It’s the most wonderful time of the year, and unfortunately, also the most wasteful time of the year. With much of our most loved traditions causing harm to both the planet and its inhabitants, there are some easy and effective ways to adjust ones doings and buyings to embody a more earth loving and ethically sound state of being.

⟠ THE TREE 

It's estimated that every Christmas tree bought in the UK this year put end to end, would be the equivalent of a return trip to New York City, indicating it is high time we come up with some sustainable adjustments to adhere to if this Christmas is going to be a conscious one.

Real Christmas Trees are greener (literally and figuratively) than artificial ones, so much so that this life cycle assessment (via the Note Passer) found that you would need to use an artificial tree for at least 20 years to equal the footprint of a real tree used once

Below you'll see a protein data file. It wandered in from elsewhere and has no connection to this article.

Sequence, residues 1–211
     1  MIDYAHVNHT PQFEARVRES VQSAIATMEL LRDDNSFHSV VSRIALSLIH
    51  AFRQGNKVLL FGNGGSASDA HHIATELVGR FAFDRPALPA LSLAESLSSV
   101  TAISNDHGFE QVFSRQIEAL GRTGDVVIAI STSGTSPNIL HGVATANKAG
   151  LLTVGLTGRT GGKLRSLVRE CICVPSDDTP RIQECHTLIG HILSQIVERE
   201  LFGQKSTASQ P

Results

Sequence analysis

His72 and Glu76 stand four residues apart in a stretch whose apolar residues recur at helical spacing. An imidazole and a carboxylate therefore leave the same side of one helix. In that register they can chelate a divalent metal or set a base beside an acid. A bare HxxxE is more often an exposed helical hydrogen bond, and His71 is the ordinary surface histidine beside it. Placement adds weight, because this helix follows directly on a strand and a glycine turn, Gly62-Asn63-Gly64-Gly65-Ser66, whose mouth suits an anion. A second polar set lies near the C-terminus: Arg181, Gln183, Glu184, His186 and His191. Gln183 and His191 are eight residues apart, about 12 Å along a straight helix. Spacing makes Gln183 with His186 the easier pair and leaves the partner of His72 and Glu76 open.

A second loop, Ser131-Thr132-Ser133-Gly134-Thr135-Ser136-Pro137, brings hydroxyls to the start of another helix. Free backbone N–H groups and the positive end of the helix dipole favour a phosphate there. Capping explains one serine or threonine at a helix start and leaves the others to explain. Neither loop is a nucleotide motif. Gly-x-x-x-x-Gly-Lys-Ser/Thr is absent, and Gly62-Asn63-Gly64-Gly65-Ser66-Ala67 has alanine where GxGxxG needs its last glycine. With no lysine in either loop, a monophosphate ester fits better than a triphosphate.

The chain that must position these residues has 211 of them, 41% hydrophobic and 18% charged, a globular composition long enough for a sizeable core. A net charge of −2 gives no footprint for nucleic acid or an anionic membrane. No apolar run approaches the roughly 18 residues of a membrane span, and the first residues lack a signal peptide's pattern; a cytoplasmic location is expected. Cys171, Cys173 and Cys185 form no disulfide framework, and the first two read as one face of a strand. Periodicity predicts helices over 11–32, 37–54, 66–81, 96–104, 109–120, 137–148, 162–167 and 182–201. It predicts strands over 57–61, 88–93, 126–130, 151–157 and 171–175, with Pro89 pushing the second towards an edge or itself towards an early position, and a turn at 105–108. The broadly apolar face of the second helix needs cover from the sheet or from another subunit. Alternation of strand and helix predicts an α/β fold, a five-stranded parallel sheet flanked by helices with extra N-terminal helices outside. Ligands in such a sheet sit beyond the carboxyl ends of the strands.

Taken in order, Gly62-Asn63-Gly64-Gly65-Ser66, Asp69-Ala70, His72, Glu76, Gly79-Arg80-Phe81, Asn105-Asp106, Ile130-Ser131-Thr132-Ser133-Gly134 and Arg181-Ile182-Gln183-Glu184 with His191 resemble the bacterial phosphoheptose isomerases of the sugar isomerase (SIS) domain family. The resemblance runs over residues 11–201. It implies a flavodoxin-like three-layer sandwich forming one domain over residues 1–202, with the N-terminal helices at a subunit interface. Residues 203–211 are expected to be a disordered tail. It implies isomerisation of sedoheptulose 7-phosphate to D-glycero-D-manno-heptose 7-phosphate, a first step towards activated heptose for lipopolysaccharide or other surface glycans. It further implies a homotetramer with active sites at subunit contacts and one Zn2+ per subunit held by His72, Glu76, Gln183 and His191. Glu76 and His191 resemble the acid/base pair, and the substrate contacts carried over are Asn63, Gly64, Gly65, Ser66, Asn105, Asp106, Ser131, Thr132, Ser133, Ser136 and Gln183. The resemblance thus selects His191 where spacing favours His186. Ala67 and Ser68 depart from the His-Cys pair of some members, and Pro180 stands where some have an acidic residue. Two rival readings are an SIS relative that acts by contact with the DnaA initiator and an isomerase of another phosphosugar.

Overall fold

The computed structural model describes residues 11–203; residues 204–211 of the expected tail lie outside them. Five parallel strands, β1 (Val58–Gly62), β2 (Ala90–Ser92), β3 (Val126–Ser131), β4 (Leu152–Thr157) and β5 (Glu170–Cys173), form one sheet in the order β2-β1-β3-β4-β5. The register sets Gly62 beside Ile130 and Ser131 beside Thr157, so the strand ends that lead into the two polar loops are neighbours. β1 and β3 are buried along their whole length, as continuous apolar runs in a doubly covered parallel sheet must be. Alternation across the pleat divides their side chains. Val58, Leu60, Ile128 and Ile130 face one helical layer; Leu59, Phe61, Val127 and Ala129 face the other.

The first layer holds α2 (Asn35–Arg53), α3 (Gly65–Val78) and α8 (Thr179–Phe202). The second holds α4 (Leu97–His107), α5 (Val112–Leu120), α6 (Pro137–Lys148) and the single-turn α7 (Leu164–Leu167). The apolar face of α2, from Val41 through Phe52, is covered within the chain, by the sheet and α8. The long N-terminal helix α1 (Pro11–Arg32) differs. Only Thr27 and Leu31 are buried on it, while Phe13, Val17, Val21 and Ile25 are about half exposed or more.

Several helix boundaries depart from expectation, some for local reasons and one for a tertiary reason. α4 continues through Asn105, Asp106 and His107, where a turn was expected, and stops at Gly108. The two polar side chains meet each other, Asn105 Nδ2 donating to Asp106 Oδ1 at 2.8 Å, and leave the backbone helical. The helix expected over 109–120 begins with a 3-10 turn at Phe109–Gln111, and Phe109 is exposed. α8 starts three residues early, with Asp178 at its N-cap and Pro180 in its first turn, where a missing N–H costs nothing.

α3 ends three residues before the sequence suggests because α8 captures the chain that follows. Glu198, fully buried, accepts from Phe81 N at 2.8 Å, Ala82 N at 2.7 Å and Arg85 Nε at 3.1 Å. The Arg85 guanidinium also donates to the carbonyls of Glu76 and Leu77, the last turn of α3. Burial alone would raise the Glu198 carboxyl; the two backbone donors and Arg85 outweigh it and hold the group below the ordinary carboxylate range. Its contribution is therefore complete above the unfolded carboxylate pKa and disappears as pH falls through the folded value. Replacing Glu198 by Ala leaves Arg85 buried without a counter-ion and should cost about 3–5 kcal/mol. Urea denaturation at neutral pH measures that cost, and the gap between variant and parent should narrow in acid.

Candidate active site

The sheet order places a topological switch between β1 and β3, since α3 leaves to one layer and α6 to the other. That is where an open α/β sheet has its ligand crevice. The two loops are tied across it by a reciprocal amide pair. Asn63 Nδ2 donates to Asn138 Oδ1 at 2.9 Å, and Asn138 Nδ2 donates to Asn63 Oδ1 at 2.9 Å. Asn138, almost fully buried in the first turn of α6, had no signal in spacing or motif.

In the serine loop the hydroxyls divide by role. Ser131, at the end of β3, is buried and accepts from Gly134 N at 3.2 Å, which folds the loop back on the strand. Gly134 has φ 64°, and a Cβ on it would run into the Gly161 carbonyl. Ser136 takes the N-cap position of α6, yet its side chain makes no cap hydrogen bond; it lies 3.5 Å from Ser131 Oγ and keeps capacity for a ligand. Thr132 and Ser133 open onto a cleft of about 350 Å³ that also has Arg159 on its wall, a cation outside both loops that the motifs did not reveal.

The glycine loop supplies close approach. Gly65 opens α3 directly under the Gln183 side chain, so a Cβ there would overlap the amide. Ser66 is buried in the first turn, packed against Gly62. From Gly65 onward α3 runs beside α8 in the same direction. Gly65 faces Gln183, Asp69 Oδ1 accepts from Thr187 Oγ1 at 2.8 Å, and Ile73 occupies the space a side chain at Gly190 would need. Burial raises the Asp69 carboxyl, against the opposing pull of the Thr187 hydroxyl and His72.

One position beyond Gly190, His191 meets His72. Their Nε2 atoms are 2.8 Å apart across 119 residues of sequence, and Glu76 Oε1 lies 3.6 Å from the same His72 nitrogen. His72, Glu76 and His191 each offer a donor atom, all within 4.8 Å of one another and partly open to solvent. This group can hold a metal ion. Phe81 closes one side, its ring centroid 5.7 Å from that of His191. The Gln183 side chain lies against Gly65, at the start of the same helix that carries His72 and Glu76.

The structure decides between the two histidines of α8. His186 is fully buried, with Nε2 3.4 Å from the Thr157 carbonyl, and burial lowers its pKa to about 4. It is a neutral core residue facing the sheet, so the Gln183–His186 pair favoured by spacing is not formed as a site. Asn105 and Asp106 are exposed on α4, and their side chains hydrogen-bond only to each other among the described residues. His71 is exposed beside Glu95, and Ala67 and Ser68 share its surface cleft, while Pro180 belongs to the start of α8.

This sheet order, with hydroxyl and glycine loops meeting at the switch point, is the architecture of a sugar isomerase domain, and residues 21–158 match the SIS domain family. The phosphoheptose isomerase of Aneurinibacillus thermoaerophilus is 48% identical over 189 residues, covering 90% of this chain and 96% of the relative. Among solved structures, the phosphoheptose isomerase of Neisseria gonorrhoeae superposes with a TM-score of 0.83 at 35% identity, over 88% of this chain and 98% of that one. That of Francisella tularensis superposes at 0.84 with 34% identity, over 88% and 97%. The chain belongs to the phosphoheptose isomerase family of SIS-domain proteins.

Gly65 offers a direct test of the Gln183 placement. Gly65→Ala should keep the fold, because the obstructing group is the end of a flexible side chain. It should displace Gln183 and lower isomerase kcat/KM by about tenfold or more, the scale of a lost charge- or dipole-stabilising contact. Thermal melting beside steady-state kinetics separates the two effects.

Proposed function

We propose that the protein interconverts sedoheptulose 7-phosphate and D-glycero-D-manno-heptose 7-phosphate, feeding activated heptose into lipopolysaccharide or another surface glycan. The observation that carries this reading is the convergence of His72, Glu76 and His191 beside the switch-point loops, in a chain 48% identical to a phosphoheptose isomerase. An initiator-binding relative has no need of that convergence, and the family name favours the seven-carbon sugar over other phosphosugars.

Wasting less is actually quite easy in some cities. In London, for example, you can order a living tree, decorate it and spend Christmas with it ... and then have it picked up and either recycled or replanted when you’re through. 

Even if you haven't' got a replanting program in your city, there are still plenty of sustainable options available. Switching to a sustainably raised organic tree (most farmer’s markets have them) and recycling it post-Christmas with your city’s recycling program is also very green. Alternatively, there are some creative and aesthetic options, like THIS reusable ReTree which is handcrafted out of sustainably forested wood in San Francisco, or THIS cardboard tree DIY, or this Christmas cactus, or this chalkboard tree, or even this DIY branch tree.
⟠ THE ORNAMENTS